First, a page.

A Simple Guide to U.S. Copyright Law
U.S. copyright resources are available all over the internet and it can be intimidating trying to weed through all of the choices. Below we provide a great starting place to increase your U.S. copyright knowledge. You will find these resources helpful whether you're researching the duration of copyright and when works enter the public domain, if fair use applies to your particular situation, or how to legally share and republish online content.
We recommend you begin by reading our Simple Guide to U.S. Copyright Law and downloading our free U.S. copyright law primer with five essential facts and tips. The simple guide covers:
- The legal background of copyright law
- When the U.S. Copyright Act was first enacted
- The role of the U.S. Copyright Office
- General copyright principles on ownership, rights and limitations, duration, copyright protection criteria (e.g.,originality, minimal creativity, fixation, publication and registration), and using the copyright symbol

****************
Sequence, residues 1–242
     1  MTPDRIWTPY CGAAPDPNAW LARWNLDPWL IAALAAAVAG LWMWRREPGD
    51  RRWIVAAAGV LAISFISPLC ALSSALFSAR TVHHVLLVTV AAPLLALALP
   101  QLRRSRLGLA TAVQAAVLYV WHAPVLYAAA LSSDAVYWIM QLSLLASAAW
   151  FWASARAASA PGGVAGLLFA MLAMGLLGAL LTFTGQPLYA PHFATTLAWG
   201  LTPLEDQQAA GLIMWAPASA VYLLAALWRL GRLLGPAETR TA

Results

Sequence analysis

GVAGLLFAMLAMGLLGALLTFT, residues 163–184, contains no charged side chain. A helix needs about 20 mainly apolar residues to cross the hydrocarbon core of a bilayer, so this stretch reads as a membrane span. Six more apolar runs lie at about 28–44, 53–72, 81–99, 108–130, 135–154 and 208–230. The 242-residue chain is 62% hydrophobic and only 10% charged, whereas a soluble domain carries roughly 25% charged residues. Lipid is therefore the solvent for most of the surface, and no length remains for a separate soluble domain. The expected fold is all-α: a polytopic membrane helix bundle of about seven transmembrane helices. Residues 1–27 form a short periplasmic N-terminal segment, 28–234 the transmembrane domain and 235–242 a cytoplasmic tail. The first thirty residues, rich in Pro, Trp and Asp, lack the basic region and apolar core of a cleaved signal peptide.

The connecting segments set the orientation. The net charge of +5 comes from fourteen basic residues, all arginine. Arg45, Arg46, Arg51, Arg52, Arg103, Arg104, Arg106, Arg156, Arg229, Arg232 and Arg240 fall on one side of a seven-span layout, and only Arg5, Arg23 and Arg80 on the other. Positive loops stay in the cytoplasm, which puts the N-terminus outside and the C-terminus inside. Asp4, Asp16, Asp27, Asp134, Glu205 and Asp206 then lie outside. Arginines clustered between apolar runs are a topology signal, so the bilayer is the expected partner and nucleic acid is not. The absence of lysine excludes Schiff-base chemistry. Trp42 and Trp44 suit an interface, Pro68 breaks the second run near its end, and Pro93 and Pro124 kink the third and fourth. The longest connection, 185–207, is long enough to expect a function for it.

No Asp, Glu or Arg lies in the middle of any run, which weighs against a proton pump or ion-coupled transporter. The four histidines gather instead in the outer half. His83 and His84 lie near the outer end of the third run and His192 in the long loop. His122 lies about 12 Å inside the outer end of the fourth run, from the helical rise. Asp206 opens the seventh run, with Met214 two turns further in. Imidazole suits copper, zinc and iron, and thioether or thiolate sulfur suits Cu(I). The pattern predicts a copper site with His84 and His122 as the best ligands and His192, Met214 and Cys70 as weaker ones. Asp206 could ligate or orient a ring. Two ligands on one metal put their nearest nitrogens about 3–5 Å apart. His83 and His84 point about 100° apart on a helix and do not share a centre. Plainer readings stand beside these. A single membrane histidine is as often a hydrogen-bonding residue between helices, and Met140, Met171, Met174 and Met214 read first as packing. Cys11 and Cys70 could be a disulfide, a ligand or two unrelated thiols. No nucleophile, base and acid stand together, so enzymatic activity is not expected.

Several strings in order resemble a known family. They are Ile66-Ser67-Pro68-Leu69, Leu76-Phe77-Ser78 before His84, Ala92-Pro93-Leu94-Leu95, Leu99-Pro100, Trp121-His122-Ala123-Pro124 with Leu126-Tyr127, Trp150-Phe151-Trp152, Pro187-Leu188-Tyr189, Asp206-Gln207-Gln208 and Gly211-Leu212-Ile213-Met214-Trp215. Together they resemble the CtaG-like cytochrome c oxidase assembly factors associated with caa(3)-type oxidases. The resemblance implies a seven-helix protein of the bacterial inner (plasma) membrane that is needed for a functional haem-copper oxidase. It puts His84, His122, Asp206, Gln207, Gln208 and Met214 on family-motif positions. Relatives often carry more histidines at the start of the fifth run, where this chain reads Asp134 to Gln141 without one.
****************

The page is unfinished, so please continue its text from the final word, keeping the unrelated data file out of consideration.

You may also enjoy our article Clarifying Misinformation About U.S. Copyright Law
The U.S. Copyright Office also has excellent resources for primary research.
Specific Issues in our U.S. Copyright Resources
Take a look at our other guides and articles that deal with a myriad of U.S. copyright issues. Also search Copyrightlaws.com for articles on various copyright issues.
International Copyright Law, Licensing and Managing Copyright Issues
To understand and apply copyright law in your U.S.-based organization or when using U.S. copyright materials outside of the U.S., you'll need a general understanding of international copyright law, licensing electronic content and generally how to manage copyright risks and make sound copyright decisions.
Search through our many plain English copyright and licensing resources and consider enrolling yourself or a group of colleagues in one of our individual copyright courses or certificate programs. All of our courses are relevant to U.S. individuals and organizations and those using U.S. content from outside the U.S.
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